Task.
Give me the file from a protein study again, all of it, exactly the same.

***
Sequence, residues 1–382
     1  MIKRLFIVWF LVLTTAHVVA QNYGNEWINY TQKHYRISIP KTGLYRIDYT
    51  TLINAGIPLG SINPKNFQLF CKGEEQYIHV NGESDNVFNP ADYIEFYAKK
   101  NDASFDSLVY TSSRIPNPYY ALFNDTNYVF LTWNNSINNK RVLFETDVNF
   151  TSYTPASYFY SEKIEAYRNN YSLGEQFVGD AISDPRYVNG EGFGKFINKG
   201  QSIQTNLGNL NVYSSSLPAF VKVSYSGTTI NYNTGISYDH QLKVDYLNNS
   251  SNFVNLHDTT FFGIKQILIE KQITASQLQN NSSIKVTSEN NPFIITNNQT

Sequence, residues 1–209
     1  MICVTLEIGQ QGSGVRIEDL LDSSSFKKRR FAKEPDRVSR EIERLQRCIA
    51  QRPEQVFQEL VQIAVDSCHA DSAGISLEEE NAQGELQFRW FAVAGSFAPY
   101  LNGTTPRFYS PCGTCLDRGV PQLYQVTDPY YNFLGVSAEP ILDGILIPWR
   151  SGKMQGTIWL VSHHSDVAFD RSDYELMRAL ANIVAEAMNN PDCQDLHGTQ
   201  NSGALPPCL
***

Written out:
Sequence, residues 1–382
     1  MIKRLFIVWF LVLTTAHVVA QNYGNEWINY TQKHYRISIP KTGLYRIDYT
    51  TLINAGIPLG SINPKNFQLF CKGEEQYIHV NGESDNVFNP ADYIEFYAKK
   101  NDASFDSLVY TSSRIPNPYY ALFNDTNYVF LTWNNSINNK RVLFETDVNF
   151  TSYTPASYFY SEKIEAYRNN YSLGEQFVGD AISDPRYVNG EGFGKFINKG
   201  QSIQTNLGNL NVYSSSLPAF VKVSYSGTTI NYNTGISYDH QLKVDYLNNS
   251  SNFVNLHDTT FFGIKQILIE KQITASQLQN NSSIKVTSEN NPFIITNNQT

Sequence, residues 1–209
     1  MICVTLEIGQ QGSGVRIEDL LDSSSFKKRR FAKEPDRVSR EIERLQRCIA
    51  QRPEQVFQEL VQIAVDSCHA DSAGISLEEE NAQGELQFRW FAVAGSFAPY
   101  LNGTTPRFYS PCGTCLDRGV PQLYQVTDPY YNFLGVSAEP ILDGILIPWR
   151  SGKMQGTIWL VSHHSDVAFD RSDYELMRAL ANIVAEAMNN PDCQDLHGTQ
   201  NSGALPPCL